The procrastinating publisher’s guide to the new European data rules
Publishers are feeling jittery about the new European privacy and data regulations coming down the pike. The new rules, which take effect in 2018, will drastically change how companies collect their customer and audience data. Like all EU rule changes, the devil is in the details — and the details can be eye-watering. And it appears publishers are putting off preparations to the last minute.
“I’ve been surprised by how little many people seem to know about it across publishers, agencies and advertisers,” said Pete Wootton, managing director of digital for magazine group Dennis Publishing. “But if publishers don’t prepare, they could lose €20 million [nearly $22 million] or 4 percent of global revenue in fines — and it could potentially restrict their use of data like email list rental, lead generation, all of which becomes harder.”
Here’s what the procrastinators out there need to know.
The goal is more notice about what data is collected and why.
The General Data Protection Regulation will likely cause a world of hurt, in the short term at least. Publishers need to rethink everything from how they communicate that explicit consent is needed to collect and store audience data, to investing in new tech to facilitate this. They also might need to change relationships with existing ad tech suppliers.
But in the long run, premium publishers that have ticked all the right regulatory boxes could be in a strong competitive position. And it could get rid of a lot of the deadwood.
“I suspect in the long run, it will be good for publishers and the buy side because at first glance, it looks like it will remove a lot of data or make it harder for you to keep data, but the data you do keep and get consent for will be far higher quality,” said Jim Edwards, editor-in-chief of Business Insider UK. And that scarcity in supply could lead to higher demand and prices. “The supply of people willing to tolerate advertising or give over their data is going down, and when that happens, prices go up — making the remaining data more valuable,” he added.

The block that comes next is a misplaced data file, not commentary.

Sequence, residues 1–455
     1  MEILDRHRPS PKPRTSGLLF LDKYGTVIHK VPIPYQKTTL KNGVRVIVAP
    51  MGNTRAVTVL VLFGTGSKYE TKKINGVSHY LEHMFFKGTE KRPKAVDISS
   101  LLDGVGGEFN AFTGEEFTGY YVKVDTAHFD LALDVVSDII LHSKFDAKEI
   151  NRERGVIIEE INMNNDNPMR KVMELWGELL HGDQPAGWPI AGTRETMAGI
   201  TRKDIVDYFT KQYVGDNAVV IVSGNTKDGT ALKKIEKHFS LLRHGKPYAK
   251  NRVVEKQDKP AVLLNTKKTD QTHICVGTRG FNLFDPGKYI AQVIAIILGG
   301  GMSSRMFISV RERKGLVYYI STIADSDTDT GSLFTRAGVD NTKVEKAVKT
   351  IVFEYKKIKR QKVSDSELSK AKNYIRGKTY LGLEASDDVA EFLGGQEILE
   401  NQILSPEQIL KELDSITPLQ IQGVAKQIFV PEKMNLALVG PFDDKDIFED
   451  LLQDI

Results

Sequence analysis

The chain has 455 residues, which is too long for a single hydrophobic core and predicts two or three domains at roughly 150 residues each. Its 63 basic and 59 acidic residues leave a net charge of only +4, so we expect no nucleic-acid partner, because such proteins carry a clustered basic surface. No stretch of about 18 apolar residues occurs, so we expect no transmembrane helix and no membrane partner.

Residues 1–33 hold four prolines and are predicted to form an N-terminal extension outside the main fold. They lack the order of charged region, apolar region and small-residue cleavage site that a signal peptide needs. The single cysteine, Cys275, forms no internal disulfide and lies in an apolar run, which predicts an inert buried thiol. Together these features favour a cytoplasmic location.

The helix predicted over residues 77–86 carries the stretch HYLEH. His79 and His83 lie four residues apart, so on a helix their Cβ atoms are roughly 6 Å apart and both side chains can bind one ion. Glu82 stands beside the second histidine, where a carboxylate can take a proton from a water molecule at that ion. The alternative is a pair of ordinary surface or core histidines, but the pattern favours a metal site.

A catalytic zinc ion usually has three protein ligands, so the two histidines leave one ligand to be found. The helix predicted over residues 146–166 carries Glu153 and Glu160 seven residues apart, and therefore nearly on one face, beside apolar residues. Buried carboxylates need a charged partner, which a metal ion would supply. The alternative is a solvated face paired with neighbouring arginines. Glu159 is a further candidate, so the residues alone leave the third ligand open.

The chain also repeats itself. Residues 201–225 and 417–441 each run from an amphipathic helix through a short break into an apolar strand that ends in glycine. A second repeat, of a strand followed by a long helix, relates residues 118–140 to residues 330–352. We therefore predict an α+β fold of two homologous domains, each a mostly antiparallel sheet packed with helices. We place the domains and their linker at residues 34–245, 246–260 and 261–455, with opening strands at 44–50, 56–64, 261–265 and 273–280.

No, the sky (probably) won’t fall.
Once publishers do gain compliance, it’s unlikely a stampede of people would refuse to give consent to collect their data. Users will still want access to the content. In many ways, the ad-blocking crisis hitting publishers is in full swing. Some media execs believe ad blocking is the ideal indicator for the kind of audience drop-off publishers may see — that has ranged from 15 to 30 percent across Europe, according to Internet Advertising Bureau figures. The high number of people switching off ad blockers have reassured individual publishers, leaving a small cohort of people (in the single digits) refusing to entirely. That’s hardly anything to sneeze at, depending on the audience.
“The kind of people you see on Reddit that are annoyed at the lack of consumer privacy, they’ll likely disappear from lists and you could argue they’ll no longer appear inside [data-management platforms] that are looking at cookies,” Edwards said. “You could argue that the ad-blocking population is in some ways a proxy for the amount of people who will decline their consent.”
This is another blow to the cookie.
Pity the poor cookie. The internet advertising business was, in large part, built off the humble tracking cookie. And now the cookie is under threat on several fronts, particularly with the rise of real user data on platforms like Google and Facebook. Most publishers are driving some kind of personalization strategy, whether it’s for products or ad targeting. For publishers with subscriptions strategies, that means driving free registrations. Much of that centers on using email addresses and logins over cookies. And that’s going to pan out well for GDPR-compliant publishers. Not so much for companies that rely solely on dropping a bunch of cookies on publisher sites.
Content-recommendation engines, for example, will be among those forced to adapt. GDPR could also rid publishers of the number of ad tech companies that plug into their sites and drop cookies.
“Companies like that will have to smarten up or ship out. There will definitely be some kind of shaking-up effect,” said John Barnes, chief digital officer of Incisive Media.
Americans can’t just ignore this as an obscure European bureaucratic issue.
GDPR is going to affect any company with audiences and customers in Europe. That means American companies with global operations will also have to prepare.
“There seems to be a view amongst U.S. companies that it’s a ‘European thing’ that they don’t need to worry about, but that’s clearly not the case if they have any European customers,” said Wootton. It’s true that the regulations will tighten around the data of European web users, but American companies have hundreds of millions of web customers.
Likewise, Brexit will not exempt the U.K. from adhering to the new laws. Publishers like Business Insider, a U.S.-founded but now German-owned company, courtesy of its sale to Axel Springer, will be in a prime position to view the difference in cultural attitudes toward data privacy. “Those are conversations we are going to have to have,” added Edwards.
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